Home 2011 April (Page 2)

The UN/French Use of Force in Abidjan: Uncertainties Regarding the Scope of UN Authorizations

Published on April 9, 2011        Author: 

Antonios Tzanakopoulos is Lecturer in Public International Law at the University of Glasgow.

In this post I analyse the legal basis for the current use of force by the UN and France in Côte d’Ivoire, examining how that use of force impacts the status and exceptions of the prohibition of the use of force in Article 2(4) of the Charter and in customary law. In particular, I want to discuss the scope of the authorizations by the UN Security Council to use force, comparing the situation in Côte d’Ivoire with the on-going situation in Libya. The similarity between the two cases is more obvious than has been observed, as in both cases the UN has authorized the use of force in order to protect civilians, and in both cases those authorised by the Security Council to use force have directed that force against one side in an ongoing civil war, including targeting buildings belonging to the leader of that side who claims to be head of State (Col. Gaddafi & Laurent Gbagbo, see here and here). In both cases, questions have arisen as to the scope of the mandate and to whether recent uses of force overstep that mandate (see here with regard to Côte d’Ivoire).

I. The History of the Conflict in Côte d’Ivoire

Côte d’Ivoire has been in a state of turmoil since an attempted coup led to the country being split into southern areas, controlled by the government, and northern areas, controlled by rebels, in 2002. At the time, France used force in Côte d’Ivoire, allegedly to protect its nationals in the country, but was accused by both the government and the insurgents as taking sides (BBC). An eventual cease-fire in 2003 proved to be fragile, with the rebels refusing to disarm, and the French intervening in response to government attacks on French troops stationed in Côte d’Ivoire in 2004. ECOWAS, AU, and UN efforts facilitated an agreement between the factions, and elections were scheduled to take place in 2005 (see SCRs 1464 [2003] and 1479 [2003]). These kept being postponed due to the precarious security, but were finally held in November 2010.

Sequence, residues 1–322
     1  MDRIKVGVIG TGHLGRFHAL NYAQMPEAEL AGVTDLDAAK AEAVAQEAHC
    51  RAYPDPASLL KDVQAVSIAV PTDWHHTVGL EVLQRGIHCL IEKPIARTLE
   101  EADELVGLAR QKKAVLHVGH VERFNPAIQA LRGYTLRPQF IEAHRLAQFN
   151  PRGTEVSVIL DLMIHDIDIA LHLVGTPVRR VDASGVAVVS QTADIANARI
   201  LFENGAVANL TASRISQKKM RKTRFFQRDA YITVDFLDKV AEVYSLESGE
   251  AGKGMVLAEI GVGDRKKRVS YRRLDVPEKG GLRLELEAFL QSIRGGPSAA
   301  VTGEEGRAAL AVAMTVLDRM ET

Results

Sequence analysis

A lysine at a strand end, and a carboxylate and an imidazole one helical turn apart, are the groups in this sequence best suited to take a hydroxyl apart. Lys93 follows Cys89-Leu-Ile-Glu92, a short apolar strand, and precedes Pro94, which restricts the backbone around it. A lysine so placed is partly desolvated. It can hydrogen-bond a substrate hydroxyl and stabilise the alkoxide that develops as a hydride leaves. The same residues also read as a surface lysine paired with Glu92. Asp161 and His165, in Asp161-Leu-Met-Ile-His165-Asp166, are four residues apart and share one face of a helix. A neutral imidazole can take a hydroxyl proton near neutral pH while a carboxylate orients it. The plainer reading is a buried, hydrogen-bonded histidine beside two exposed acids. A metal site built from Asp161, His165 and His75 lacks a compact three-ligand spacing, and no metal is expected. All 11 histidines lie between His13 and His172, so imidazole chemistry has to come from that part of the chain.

Ouattara, Gbagbo’s rival, won the very close election, the results of which were certified by the UN (see SCR 1765 [2007] para 6), and accepted by the EU, the AU, ECOWAS, and most States that cared to form an opinion (with the notable exception of Angola and Lebanon). However, Gbagbo refused to accept defeat (see for further background Jean d’Aspremont’s excellent post). In the aftermath of the election, both leaders were inaugurated in separate ceremonies, and claimed to be the President of Côte d’Ivoire. Since there seemed to be no forthcoming solution in the impasse, the AU gave Gbagbo an ultimatum, inviting him to hand over power to Ouattara by 24 March, while the EU, the US, and ECOWAS imposed sanctions on Côte d’Ivoire, a move welcomed by the UN Security Council (see SCR 1962 [2010] preamble). When the ultimatum expired with Gbagbo still refusing to leave, pro-Ouattara forces marched from their strongholds in the north towards Abidjan to seize power by force. They are now in Abidjan, having taken over most of the rest of the country, and are laying siege to the Presidential compound, where Gbagbo has taken refuge. Read the rest of this entry…


ICJ Rules that it has no Jurisdiction to Hear Georgia v. Russia

Published on April 1, 2011        Author: 

Today the Court by 10 votes to 6 upheld a preliminary objection by the Russian Federation that it lacked jurisdiction in its dispute under CERD with Georgia, as Georgia failed to exhaust a preliminary requirement under Art. 22 CERD to attempt to resolve the dispute by negotiation before submitting it to the ICJ. The press release and summary are available here; the judgment will be available shortly.  The Court in effect overturned its (provisional) earlier finding in its provisional measures decision a few years back that Art. 22 did not impose such an obligation. In part at least due to changes regarding the composition of the bench, the erstwhile majority became the minority. I’m sure the dissenting opinions will be well worth a read.